of battle, bringing up one section of Andrews' battery. My line was then advanced and the enemy's artillery soon withdrew.
Here, owing to my imperfect knowledge of the roads and partial misleading of the guide, my left regiment went too far to the left, and consequently did not join the brigade until late at night, for while it was coming up after being sent for it was ordered by some one to support another brigade; and I would here mention it was reported to me as behaving well under a very murderous fire, to which it was soon exposed, losing about 200 men. This was the Sixteenth North Carolina, commanded by Lieutenant Colonel John S. McElroy.
Upon reaching Mechanicsville I was ordered by you to support General Field. I at once made my dispositions to do so, but soon found that by taking the direction General Field was going [it] left his right much exposed to a heavy fire of artillery, which was playing at the same time on Pegram's battery with great effect. This artillery was obliquely to the right and lower down Beaver Dam Creek than I saw any troops going. I at once changed the direction of two of my regiments, so as to bring them to the right of this artillery, and succeeded in getting within 150 or 200 yards of it before we were opened upon, but when they did open upon us it was destructive, and the obstacles so great in front, the creek and mill-dam, that after the Thirty-eighth North Carolina had reached these obstacles, and within less than 100 yards of the enemy's rifle pits, they had to fall back. This regiment here advanced boldly and maintained its ground well. The Thirty-fourth North Carolina-the other regiment that had been led by me to the right-had made too much of a detour, and did not come up until the Thirty-eight had been repulsed. After bringing it up I sent it farther to the right, to make as much diversion as possible in that direction.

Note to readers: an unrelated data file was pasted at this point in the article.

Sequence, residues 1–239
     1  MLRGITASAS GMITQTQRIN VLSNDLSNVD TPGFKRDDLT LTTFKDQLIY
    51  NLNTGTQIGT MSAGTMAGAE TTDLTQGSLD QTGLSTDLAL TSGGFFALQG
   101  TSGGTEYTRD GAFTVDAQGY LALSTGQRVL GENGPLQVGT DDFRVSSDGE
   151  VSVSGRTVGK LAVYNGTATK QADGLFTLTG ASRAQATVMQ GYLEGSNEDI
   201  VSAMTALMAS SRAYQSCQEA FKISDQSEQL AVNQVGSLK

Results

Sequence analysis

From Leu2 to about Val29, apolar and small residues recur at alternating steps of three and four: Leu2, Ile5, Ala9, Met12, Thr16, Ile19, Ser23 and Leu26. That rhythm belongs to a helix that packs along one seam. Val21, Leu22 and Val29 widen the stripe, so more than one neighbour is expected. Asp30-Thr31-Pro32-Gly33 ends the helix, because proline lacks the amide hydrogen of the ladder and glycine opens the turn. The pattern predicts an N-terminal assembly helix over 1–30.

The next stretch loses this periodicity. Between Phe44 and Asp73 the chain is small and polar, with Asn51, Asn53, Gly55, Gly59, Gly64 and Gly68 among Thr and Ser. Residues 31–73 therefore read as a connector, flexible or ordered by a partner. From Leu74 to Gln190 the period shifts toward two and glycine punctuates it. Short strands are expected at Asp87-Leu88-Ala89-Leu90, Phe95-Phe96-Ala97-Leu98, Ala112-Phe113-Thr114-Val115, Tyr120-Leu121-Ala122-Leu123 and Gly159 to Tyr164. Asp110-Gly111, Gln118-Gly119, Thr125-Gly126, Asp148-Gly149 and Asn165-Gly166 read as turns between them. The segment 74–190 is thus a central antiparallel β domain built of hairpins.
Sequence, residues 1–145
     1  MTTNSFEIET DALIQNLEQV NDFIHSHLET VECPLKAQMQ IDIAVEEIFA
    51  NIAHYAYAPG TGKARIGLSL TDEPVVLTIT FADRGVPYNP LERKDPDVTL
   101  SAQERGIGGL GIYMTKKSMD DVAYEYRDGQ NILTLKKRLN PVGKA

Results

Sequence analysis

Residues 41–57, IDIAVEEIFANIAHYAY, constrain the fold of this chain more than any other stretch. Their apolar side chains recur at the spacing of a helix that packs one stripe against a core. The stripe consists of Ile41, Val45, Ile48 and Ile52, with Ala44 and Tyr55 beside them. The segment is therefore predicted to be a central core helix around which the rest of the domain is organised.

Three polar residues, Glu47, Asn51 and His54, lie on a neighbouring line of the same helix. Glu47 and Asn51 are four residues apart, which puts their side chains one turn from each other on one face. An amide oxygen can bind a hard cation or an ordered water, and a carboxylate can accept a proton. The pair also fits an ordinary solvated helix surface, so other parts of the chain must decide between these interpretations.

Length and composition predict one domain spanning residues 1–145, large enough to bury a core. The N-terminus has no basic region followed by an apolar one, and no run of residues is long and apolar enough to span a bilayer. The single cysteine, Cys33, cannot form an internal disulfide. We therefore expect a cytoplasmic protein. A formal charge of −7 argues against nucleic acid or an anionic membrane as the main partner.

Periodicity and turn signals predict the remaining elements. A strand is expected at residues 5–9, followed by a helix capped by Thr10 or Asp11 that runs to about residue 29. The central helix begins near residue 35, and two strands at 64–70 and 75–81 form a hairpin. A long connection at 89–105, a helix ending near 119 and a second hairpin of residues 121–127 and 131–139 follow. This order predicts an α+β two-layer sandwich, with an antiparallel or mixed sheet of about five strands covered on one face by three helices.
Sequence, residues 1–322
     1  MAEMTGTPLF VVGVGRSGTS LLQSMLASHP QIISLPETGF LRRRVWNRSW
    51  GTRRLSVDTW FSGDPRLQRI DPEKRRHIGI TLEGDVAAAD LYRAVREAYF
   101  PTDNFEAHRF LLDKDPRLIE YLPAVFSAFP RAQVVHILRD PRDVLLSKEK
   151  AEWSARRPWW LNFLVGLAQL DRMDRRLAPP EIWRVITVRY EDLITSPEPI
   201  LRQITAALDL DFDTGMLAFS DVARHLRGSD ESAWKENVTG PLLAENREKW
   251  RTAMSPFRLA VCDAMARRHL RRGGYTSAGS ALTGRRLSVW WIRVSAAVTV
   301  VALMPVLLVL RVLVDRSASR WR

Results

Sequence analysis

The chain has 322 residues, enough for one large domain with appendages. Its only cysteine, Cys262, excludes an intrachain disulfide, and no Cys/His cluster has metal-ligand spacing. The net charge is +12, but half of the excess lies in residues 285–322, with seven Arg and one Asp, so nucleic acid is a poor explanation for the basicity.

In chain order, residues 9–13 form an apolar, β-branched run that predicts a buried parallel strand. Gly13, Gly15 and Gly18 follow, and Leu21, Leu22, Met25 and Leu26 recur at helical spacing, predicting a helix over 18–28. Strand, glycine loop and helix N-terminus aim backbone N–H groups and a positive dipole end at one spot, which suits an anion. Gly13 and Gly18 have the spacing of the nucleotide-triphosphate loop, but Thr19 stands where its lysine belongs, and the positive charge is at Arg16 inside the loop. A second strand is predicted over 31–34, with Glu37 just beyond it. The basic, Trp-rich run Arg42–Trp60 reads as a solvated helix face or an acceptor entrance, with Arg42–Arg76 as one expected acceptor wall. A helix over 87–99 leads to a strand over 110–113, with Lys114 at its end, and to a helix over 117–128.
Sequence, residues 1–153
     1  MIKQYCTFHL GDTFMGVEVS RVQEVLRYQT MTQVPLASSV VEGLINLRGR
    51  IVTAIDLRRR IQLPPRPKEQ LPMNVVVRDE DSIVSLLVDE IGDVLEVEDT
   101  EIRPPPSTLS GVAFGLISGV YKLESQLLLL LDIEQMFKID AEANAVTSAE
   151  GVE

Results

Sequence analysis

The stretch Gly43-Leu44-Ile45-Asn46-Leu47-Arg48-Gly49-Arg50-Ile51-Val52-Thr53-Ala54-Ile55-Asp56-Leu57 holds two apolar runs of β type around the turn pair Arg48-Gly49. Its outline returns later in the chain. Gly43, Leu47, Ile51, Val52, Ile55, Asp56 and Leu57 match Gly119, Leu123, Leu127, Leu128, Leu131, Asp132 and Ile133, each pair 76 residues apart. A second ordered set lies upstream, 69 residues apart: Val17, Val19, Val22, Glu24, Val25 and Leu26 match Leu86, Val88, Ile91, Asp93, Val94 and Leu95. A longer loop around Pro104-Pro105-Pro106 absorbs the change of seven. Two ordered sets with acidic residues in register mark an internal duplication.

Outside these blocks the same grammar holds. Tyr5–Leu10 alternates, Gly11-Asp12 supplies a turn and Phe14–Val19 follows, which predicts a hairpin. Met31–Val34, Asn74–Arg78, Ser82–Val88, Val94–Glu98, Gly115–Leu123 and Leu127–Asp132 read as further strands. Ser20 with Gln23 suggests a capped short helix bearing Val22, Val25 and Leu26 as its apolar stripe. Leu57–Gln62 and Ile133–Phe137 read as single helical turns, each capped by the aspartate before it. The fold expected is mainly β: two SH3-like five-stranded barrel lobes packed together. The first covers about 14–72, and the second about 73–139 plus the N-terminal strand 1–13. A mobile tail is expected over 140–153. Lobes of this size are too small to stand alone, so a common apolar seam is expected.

General Ripley at this time came up with his brigade, advancing over part of the same ground which had been passed by the Thirty-eighth North Carolina, directly in front of the mill. The Thirty-fourth North Carolina advanced to the creek and there maintained its position until after dark, when I had it withdrawn, so that with this and General Ripley with part of his brigade we held the extreme right of our position until about daylight next morning, when I was relieved. General Ripley had been relieved before.
Other brigades came up during the night. The Twenty-second North Carolina, which had followed to support General Field, when getting to the creek near him, came suddenly upon a regiment of the enemy, just across the run, and after some little parley opened fire, driving the enemy quickly away, but found it impossible to cross. The loss of this regiment here was also very heavy; among others its brave colonel [Conner] received a severe wound in the leg.
I should state, while relating the incidents of this day's fight, that Colonel Hoke [Thirty-eighth North Carolina] was also wounded and had to leave the field. The adjutant of the Thirty-eighth was wounded also, but nobly maintained his position until after dark.
At daylight on Friday morning I had changed my position in obedience to your orders, bringing my brigade directly in front of the mill on Beaver Dam Creek. About this time the enemy seemed to make a faint attack upon the troops on my right, when those brigades moved forward, and I moved mine forward also until they had gained the creek, getting in the bed of it. Here our line was halted until a general concert of action could be had, by which their attention might be diverted to the extreme right from in the immediate front. At